Family / Kids / Opinion / Parenting / Reflection / Women

My Not-So-Secret Miscarriage

Can I be honest? I’ve started this post four times but haven’t been able to finish it. I’ve had so many thoughts on my heart that I’ve wanted to share, so why has it been so hard to get this out?

Because we’re not “supposed” to talk about miscarriages, that’s why.

Every pregnancy book I’ve read “cautions” expectant moms about sharing their exciting news too early. While it’s obviously up to each individual/couple, the rule of thumb is to at least wait until you’ve cleared the “safety zone,” a.k.a the first trimester, before you go public with that fact that you’ve got a bun in the oven. When I was pregnant with my first, I held onto our news like it was a precious secret–only family and a friend or two knew I was pregnant before I hit 13 weeks.

When I found out I was pregnant last week on April 9th, I was so excited–“excited” doesn’t do justice to how I actually felt. If you’ve been trying to get pregnant, there’s no feeling quite like seeing that blue plus sign when you least expect it. I’ve always found the revelation of pregnancy to be so fragile, I can’t contain myself to just one test–in order for it to be “real,” I need to see THREE positives. This time around was no different.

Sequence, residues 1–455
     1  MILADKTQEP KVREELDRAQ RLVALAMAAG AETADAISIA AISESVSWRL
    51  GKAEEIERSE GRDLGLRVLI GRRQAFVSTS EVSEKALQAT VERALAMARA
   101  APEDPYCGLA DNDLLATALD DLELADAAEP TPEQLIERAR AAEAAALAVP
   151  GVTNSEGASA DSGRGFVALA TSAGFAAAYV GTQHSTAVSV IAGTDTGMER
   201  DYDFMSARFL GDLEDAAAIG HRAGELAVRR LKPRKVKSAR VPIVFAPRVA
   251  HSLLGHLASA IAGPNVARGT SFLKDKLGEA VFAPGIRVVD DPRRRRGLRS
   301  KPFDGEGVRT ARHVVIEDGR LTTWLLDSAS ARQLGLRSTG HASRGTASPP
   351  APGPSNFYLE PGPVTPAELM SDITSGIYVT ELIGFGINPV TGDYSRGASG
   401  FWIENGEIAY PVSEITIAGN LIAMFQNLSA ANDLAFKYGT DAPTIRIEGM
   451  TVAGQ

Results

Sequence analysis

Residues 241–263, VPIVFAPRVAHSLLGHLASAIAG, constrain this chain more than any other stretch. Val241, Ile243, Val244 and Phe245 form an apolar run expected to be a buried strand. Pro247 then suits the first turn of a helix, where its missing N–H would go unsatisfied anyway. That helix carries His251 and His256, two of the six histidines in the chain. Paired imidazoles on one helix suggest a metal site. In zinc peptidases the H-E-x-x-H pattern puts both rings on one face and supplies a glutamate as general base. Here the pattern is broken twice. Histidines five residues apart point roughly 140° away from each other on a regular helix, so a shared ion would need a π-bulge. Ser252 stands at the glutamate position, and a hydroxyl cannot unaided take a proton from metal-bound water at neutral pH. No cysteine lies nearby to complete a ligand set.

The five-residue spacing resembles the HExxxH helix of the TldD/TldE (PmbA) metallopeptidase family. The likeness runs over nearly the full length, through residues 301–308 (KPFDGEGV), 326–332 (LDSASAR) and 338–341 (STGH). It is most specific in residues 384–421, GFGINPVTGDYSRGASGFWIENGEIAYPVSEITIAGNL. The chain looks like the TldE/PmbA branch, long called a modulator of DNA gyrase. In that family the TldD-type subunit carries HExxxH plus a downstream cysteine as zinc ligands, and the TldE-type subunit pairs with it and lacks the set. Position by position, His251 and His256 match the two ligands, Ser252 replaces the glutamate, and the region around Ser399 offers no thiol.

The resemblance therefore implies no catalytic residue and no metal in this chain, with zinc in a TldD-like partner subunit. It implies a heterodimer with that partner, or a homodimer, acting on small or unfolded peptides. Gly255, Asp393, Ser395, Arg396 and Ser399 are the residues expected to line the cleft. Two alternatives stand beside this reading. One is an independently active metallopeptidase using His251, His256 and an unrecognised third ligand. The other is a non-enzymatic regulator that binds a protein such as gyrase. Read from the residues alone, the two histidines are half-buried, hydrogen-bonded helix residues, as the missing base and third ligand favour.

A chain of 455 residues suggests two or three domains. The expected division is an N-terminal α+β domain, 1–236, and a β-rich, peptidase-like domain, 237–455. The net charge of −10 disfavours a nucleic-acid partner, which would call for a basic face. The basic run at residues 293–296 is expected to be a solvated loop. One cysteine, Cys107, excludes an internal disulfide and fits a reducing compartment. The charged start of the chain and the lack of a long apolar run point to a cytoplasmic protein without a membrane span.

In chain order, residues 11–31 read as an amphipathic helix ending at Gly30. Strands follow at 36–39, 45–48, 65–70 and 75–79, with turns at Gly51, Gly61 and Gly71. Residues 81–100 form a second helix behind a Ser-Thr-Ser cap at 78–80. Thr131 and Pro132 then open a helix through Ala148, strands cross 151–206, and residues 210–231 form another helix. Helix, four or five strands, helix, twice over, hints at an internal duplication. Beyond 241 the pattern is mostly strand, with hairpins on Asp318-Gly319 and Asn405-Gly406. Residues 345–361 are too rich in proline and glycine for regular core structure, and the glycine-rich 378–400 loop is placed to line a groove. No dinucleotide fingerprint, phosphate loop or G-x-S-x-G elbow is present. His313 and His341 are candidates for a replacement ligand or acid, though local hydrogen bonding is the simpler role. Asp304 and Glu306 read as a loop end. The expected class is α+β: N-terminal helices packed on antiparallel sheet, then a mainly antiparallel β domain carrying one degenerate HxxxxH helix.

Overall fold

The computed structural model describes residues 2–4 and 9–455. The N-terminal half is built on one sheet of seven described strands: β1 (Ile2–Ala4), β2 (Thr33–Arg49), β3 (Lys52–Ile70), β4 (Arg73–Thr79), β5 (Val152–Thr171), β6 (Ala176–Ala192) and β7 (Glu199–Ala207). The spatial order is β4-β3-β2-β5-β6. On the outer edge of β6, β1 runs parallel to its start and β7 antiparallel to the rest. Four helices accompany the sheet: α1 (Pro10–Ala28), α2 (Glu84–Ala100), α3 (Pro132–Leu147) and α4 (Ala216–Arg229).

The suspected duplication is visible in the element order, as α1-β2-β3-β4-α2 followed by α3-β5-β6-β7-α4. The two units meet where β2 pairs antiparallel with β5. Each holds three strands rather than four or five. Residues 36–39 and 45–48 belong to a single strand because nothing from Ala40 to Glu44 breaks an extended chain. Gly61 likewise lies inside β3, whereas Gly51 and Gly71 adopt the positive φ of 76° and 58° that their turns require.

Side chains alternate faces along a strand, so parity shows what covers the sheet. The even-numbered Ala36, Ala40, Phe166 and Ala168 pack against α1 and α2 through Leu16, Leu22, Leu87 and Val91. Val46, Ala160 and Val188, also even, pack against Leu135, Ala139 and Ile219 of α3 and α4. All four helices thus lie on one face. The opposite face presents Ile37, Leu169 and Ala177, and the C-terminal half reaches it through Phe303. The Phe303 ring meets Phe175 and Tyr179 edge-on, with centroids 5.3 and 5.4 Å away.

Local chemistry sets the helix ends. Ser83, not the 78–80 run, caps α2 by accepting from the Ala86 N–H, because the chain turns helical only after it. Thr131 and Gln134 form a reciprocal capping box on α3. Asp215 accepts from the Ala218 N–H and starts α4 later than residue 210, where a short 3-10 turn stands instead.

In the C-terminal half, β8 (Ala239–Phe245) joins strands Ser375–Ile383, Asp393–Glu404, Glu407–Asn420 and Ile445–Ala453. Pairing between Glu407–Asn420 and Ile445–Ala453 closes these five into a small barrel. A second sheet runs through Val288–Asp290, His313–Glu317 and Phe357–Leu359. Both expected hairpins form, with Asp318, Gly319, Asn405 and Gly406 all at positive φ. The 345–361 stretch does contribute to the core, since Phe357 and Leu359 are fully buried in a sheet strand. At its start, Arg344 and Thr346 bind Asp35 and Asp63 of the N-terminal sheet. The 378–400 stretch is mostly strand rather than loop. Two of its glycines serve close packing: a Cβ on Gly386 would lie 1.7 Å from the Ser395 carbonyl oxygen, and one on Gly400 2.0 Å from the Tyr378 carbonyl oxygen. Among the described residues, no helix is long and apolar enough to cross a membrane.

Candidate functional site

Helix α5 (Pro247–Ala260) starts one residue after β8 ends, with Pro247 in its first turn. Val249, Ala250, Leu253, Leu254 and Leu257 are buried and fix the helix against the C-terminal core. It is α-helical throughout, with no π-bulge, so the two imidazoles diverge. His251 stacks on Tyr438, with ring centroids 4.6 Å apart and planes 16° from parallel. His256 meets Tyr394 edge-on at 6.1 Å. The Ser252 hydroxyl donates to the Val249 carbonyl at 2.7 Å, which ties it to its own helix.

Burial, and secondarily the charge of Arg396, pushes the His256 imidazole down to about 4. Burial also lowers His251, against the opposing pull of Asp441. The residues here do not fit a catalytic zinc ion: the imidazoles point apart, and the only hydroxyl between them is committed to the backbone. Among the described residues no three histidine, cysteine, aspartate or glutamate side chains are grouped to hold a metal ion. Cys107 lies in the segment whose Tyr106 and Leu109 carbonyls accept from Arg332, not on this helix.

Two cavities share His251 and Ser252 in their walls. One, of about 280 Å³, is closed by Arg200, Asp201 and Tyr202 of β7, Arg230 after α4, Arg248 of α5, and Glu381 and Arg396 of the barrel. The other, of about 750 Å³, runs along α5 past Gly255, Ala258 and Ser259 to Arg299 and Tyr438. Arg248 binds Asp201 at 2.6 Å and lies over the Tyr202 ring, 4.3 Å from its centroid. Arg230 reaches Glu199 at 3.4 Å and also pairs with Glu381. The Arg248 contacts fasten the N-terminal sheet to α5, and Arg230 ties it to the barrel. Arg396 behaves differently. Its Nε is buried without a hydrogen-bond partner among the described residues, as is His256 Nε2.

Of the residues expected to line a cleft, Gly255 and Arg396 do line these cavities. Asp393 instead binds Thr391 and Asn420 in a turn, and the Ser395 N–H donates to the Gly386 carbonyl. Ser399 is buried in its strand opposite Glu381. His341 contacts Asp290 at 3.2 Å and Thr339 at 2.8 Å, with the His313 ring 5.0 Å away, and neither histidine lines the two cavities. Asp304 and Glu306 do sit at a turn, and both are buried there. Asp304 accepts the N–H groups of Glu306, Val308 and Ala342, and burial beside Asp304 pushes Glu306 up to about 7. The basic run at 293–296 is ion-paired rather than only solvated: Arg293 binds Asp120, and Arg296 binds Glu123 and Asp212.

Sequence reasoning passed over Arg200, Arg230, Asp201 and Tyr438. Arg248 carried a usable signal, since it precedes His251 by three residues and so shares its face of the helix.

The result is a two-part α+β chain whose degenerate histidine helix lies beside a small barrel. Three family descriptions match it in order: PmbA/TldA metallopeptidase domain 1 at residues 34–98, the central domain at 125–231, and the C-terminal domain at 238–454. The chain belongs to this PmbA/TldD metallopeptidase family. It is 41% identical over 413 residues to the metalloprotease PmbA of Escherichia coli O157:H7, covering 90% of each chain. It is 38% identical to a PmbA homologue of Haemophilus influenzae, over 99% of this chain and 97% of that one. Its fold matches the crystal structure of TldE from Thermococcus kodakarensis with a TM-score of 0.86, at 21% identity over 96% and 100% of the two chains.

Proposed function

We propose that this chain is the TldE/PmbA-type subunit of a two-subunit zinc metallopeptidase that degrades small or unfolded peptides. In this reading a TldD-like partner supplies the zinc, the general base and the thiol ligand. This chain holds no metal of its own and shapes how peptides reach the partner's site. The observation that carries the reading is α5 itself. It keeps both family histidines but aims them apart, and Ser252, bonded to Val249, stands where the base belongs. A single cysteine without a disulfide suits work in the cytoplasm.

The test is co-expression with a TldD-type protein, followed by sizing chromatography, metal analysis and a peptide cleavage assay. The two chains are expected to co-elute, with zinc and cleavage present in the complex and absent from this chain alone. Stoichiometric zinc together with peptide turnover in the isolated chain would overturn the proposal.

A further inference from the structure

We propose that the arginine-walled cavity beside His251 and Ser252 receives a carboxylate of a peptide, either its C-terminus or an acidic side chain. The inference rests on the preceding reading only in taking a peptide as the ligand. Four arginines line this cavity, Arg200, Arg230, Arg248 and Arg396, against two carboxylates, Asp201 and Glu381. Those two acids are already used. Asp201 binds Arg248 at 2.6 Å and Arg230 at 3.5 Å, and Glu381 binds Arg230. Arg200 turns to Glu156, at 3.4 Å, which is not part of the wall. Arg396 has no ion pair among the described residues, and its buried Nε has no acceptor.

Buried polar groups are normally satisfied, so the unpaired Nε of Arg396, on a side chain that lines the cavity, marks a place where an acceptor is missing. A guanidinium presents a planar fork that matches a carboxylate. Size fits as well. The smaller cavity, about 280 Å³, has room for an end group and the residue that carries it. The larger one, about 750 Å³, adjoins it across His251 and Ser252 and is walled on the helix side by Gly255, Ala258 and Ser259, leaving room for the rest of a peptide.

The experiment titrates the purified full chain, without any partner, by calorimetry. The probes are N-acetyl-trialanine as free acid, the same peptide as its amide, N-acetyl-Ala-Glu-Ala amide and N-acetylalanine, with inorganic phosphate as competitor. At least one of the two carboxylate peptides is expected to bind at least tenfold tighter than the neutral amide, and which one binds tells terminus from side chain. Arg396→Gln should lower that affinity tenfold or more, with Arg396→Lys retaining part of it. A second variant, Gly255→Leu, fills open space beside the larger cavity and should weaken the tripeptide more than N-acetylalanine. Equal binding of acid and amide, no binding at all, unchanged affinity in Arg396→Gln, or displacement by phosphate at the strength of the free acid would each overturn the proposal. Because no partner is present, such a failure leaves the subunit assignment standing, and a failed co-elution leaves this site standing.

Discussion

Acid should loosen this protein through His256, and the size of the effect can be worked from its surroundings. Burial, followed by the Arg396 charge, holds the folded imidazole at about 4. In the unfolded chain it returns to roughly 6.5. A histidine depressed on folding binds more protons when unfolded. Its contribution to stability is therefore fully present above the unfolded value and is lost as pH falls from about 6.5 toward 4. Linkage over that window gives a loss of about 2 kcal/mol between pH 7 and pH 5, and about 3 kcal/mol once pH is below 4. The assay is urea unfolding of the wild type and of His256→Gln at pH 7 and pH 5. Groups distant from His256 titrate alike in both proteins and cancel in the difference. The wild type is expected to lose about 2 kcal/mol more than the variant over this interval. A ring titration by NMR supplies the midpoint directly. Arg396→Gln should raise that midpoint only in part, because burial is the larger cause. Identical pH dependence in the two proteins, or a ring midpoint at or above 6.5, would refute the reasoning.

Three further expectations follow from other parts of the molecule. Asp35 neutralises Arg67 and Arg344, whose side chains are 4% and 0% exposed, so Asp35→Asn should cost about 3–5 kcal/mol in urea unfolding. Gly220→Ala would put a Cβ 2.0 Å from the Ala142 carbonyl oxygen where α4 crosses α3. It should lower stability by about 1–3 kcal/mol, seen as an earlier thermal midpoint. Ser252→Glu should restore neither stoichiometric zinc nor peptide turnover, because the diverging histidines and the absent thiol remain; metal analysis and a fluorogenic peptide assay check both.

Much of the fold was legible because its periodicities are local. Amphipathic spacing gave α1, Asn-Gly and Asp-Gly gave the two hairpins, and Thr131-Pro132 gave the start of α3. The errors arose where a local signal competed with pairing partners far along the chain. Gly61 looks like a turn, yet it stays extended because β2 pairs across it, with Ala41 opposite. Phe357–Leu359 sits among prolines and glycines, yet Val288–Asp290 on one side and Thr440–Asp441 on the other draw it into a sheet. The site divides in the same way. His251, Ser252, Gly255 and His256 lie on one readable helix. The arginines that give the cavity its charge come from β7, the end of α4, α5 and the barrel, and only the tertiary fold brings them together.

I immediately told the same tight-knit group of confidants I’d blabbered to early-on in my first pregnancy. I didn’t think much of it, until I spilled the beans to one of my newest close friends on a run that weekend. She was beyond thrilled, and it felt great to have another friend to share in our joy. But I didn’t stop there. I felt obligated to tell the women I work with in the Young Women’s presidency from our church–they were expecting me to go on a camping trip this summer after all; they were also overjoyed by the news. I also felt I had an obligation to share my “condition” with my CrossFit coaches–wouldn’t they need to know why I had to scale back on certain workouts? The day I intended to fill in just one of my coaches, I suddenly came down with verbal diarrhea and shared the news of my pregnancy with the entire class–their enthusiasm was palpable, but what had I done? Throw in my next door neighbors, the cashier at WinCo, and the random lady in the coffee shop, and I’d unwittingly told nearly two dozen friends (and acquaintances) in less than five days that I was four weeks pregnant. Oops. But what’s the big deal, what are the chances something could go wrong?